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April Showers Bring May Flowers

Coule Smiling in the RainWe’ve all heard the rhyme, “April showers bring May flowers,” and while that may be true, April showers can also bring basement flooding and a headache to the home selling process. Most of us in the Upper Valley are accustomed to the occasional spring flooding in our basements, but when it’s time to put your home on the market you may be wondering whether you need to tell potential buyers about it — the answer is yes and no. 

Most states require homeowners to give a written disclosure report to potential buyers. These reports require you to disclose all sorts of things about your house such as:

  • plumbing and sewage issues
  • water leakage of any type (including basement flooding)
  • termites or other infestations
  • roof defects
  • heating or air conditioning issues
  • property drainage problems
  • Foundation instabilities or cracks
  • problems with the title
  • issues with the neighbors that aren’t obvious

New Hampshire, however, is not as strict. Disclosure law in the Granite State only requires you to disclose information about a few specific aspects of your home:

  • information about the private sewage disposal system including its location, malfunctions, the date it was most recently serviced, and the name of the contractor who services the system. 
  • information about the type of private water supply system, including its location, malfunctions, date of installation, date of most recent water test, and whether or not you have experienced a problem (such as an unsatisfactory water test) with notations
  • information about your home’s insulation, including type and location
  • notices about radon gas, lead paint, and arsenic

Not only does New Hampshire have few regulations when it comes to seller disclosure, but courts adhere to caveat emptor — or buyer beware, which really goes back the Live Free or Die sentiment that our great state is founded upon.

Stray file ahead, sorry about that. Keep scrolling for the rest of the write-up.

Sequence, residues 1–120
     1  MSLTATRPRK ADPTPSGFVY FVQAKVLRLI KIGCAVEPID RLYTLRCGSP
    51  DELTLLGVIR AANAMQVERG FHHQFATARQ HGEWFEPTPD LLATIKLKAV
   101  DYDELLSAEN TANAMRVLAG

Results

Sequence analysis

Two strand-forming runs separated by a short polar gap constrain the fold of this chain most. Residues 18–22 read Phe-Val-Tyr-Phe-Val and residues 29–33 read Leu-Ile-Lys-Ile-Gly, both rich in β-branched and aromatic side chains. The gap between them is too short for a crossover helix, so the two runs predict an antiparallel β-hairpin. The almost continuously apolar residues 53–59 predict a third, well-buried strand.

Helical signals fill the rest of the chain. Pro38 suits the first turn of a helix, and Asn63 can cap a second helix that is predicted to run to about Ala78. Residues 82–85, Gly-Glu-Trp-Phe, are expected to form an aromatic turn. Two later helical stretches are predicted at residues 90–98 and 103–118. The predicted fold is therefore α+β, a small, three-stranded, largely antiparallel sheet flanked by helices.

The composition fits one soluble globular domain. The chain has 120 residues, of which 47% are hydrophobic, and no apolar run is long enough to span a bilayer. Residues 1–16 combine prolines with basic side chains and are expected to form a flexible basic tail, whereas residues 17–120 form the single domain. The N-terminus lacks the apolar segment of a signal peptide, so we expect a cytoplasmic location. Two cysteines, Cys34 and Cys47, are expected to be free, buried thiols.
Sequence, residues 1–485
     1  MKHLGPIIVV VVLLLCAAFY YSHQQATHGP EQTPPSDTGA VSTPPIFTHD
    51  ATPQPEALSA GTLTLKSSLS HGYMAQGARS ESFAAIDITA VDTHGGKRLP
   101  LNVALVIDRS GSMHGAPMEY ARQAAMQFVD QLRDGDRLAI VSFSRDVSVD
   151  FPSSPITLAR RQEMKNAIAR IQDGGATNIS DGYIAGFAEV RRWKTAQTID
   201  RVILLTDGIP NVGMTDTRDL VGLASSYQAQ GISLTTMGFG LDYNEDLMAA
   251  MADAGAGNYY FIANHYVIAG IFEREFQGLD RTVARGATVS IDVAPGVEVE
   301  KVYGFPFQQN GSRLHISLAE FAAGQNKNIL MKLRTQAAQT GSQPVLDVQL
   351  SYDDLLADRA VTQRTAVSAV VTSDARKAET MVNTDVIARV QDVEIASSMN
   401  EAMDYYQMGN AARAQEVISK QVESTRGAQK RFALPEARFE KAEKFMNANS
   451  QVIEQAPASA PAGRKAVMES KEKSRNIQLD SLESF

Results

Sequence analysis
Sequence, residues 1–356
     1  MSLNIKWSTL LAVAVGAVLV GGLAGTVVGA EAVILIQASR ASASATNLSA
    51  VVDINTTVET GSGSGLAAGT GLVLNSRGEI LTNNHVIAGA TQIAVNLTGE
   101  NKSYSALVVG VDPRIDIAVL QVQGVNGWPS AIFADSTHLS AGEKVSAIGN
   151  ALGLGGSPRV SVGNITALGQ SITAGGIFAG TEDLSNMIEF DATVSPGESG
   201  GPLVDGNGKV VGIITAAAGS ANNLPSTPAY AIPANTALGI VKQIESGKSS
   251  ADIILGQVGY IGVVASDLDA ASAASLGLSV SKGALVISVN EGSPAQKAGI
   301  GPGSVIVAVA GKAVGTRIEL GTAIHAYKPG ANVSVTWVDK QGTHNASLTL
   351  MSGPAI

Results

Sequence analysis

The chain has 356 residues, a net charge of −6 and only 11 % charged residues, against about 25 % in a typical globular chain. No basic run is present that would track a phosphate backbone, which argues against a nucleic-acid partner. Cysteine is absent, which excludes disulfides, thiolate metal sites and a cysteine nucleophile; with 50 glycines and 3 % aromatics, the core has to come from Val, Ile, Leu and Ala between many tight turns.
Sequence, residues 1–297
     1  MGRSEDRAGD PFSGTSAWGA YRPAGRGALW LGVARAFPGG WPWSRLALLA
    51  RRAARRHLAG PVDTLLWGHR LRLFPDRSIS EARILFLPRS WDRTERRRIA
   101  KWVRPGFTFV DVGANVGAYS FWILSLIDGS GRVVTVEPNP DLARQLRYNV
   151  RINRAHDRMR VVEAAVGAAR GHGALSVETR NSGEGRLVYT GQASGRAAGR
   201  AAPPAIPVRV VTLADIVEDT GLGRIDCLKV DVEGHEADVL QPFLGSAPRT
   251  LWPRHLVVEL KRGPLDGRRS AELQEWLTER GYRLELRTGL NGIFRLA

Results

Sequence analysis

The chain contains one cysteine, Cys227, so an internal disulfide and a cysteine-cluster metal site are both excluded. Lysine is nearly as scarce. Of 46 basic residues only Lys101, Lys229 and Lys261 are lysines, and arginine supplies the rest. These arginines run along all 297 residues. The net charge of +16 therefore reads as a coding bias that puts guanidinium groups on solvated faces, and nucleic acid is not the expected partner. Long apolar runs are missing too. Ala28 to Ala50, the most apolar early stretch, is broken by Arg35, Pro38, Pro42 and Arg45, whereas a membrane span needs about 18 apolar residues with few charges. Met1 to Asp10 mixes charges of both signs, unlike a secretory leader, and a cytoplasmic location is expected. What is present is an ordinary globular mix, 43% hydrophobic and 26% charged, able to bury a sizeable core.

Despite having relaxed disclosure laws for sellers, New Hampshire does have realtor regulations which state that “the duties of [an agent] acting on behalf of a seller include treating all prospective buyers honestly [and] disclosing to a prospective buyer or tenant any physical, regulatory, mechanical, or on-site environmental condition affecting the subject property of which [they] have actual knowledge”. This disclosure must occur before any written offer is made on a property. 

For example, you are trying to sell your home in Grafton and your basement floods every Spring as the snow melts and the rains come and you tell your real estate agent that you only want to show your house on sunny days so potential buyers don’t see water in the basement, or similarly, your realtor comes to take photos of the property and notices flooding in the basement. The agent has a legal obligation to report these issues to potential buyers. However, agents are under no obligation to inspect properties for potential problems. 

Limited legislation on disclosure doesn’t mean it isn’t a good idea to disclose anything you are aware of (just to protect yourself down the road). The New Hampshire Association of Realtors provides a commonly used disclosure form which covers many critical areas of the home. Questions include how old the home is, whether it’s subject to any liens or lawsuits, and whether you are aware of any major issues such as with the heating, cooling, or plumbing. 

This form should give buyers a fairly comprehensive snapshot of any defects, but it is always a smart idea for buyers to commission an official home inspection — in the end, it’s better to sleep at night knowing these are absolutely no issues with your new home rather than finding out later there is a massive issue. 

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